Despite these tips for cooking greener, Bluejay reiterates that most of us will hardly put a dent in our overall energy use just by choosing one appliance over another. According to his analysis, for someone who bakes three hours a week the cheapest cooking method saves only an estimated $2.06/month compared to the most expensive method. ―Focusing on cooking methods is not the way to save electricity [at home],‖ says Bluejay. ―You should look at heating, cooling, lighting and laundry instead.‖

 Readers Respond: Gas or Electric Stoves? Which do you prefer and why.

I have had an electric stove over thirty years that was wonderful! My husband and I purchased a gas stove and all I have had is trouble. The top is very hard to clean. It takes longer than fifteen minutes to heat. I have burned my hands on pots. It appears longer to boil water, etc. More important is that I noticed the foods were taking longer to heat, wouldn't cook properly, even to a pot pie I made. We had three service calls. The oven gage read exactly with the service mans gauge. I bought a gas thermometer and tried again. The thermometer only read t hat our oven was heating to 350% and I was correct! Service came again tested and said the oven was fine and read up to 450%. Can the brand new gauge be wrong? Now the store has agreed to take the stove back and I can choose whatever I want. I am totally confused as I read more plus signs to gas than electric and fell did we have a lemon gas stove. Any suggestions? thanks! Bless you all! —Guest Dorothy B. Jo Electric all the way....flat cooktop is so much easier to clean..I have never had any problems cooking or baking....and I am afraid of gas....I am sure that it also depends on the product purchased.....I love KitchenAid appliances. —Guest Jo Gas I hate electric it sucks takes forever to cook gas cooked foid taste alot better —Guest Unknown pushkin I am about to make a serious investment in a stove and don't know which decision to make. I like to 'specialise in making fine pastries as well as ordinary stuff, but which will give a better product...gas or electricity? I live in Eastern Europe where the price of gas is almost of no consequence and elctricity is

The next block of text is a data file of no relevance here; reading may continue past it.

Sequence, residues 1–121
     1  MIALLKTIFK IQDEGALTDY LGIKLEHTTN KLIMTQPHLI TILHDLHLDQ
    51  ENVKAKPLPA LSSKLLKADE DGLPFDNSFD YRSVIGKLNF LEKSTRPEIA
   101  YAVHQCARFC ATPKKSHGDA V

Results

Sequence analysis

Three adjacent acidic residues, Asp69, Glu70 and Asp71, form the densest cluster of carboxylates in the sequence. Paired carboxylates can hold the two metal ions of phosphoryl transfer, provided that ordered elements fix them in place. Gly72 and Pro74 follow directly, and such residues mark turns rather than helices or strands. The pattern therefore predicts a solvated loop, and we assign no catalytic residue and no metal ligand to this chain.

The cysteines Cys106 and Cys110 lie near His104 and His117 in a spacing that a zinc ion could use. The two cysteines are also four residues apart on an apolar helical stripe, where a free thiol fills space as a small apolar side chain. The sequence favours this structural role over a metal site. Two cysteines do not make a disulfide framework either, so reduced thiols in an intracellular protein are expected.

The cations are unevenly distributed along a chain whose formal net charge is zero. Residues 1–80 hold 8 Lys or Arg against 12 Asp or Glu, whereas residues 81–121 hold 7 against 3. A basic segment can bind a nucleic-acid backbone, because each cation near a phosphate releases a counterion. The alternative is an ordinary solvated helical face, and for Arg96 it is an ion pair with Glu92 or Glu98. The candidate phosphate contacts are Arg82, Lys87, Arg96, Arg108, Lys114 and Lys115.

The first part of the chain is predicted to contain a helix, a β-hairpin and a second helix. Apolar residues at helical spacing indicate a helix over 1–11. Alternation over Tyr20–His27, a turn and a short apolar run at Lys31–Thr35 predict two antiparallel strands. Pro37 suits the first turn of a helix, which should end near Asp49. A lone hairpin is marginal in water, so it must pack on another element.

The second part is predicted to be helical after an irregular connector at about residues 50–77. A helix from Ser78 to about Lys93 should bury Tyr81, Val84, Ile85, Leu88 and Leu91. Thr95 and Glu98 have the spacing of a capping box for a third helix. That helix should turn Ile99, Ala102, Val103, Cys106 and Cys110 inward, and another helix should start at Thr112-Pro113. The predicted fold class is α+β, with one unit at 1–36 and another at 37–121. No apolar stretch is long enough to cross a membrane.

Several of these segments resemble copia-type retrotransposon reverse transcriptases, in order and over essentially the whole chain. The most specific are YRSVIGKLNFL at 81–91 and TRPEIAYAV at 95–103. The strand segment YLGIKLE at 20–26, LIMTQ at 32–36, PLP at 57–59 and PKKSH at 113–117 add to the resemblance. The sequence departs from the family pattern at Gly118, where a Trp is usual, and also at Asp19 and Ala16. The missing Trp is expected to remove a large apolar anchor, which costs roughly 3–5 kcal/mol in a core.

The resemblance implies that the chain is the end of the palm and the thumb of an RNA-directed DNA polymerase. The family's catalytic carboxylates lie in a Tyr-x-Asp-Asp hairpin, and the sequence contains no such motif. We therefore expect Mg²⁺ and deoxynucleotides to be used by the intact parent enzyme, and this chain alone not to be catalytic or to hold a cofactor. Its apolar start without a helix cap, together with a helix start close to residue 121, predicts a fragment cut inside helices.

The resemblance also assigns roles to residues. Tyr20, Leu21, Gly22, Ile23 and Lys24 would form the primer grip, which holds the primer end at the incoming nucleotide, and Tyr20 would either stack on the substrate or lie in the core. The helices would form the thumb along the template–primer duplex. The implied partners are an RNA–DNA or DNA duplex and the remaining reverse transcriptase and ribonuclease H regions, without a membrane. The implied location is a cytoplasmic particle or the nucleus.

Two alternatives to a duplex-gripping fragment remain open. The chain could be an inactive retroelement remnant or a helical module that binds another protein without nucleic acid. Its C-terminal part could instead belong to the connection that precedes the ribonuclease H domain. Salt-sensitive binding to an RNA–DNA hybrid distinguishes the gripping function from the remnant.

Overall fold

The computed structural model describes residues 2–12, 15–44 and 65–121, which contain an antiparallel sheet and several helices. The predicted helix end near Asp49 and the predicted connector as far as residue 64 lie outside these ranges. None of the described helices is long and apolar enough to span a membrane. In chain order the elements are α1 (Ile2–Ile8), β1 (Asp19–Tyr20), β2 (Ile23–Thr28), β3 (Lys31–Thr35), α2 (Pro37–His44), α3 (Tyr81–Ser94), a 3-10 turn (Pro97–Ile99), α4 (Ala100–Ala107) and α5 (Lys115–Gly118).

dearer. I have always insisted that I want an electric oven but..... Can anyone advise me PLEASE? Thank you.Jackie —Guest jackie

BEFORE IT'S TOO LATE! It's as simple as this. If your top priority is the end result of the food you cook (the quality and all), then choose GAS (much better control over the temperature). BUT if your MORE CONCERN with your HEALTH (and the health of others) and specially the ENVIRONMENT, then you know what to choose! You don't need to be a chef or a environmentalist to figure this out. LOL! —Guest -Mother NatureDual Fuel I have a Dual Fuel range. Gas burners and electric oven. The best of both worlds. —Guest Benjamin Gas all the way.. Right now I am in an electric house. No gas whatsoever. Nothing gets cooked to the correct temperature —Guest The rooster Electric ofcourse.. An inductive surface elimminates the problem with afterheating and also uses less power than conventional electric stoves. Also i get nervous in houses that has gas in them as i fear leakage for some reason. In Sweden there is only a few really old houses at all in the entire country that has gas pipelines to them (less then a hundred buildings in total) so there is not much of a choise anyways. And gas is damn expensive. —Guest Egon Ruuda It really depends. Gas stoves are great for cooking, but installation can be very difficult. Creating or modifying gas pipes can be an expensive operation. Most of the new houses and apartments has already the electric installation, so electric stoves/ovens can be easier to install and ready to use. On the other hand, electric stoves tend to be more expensive in the long run and cooking may be slower than gas, but for a person that is not expert in cooking this may be a good thing. If you are planning for business, then things are different. Gas is what you must have. —Guest Sophie Glass top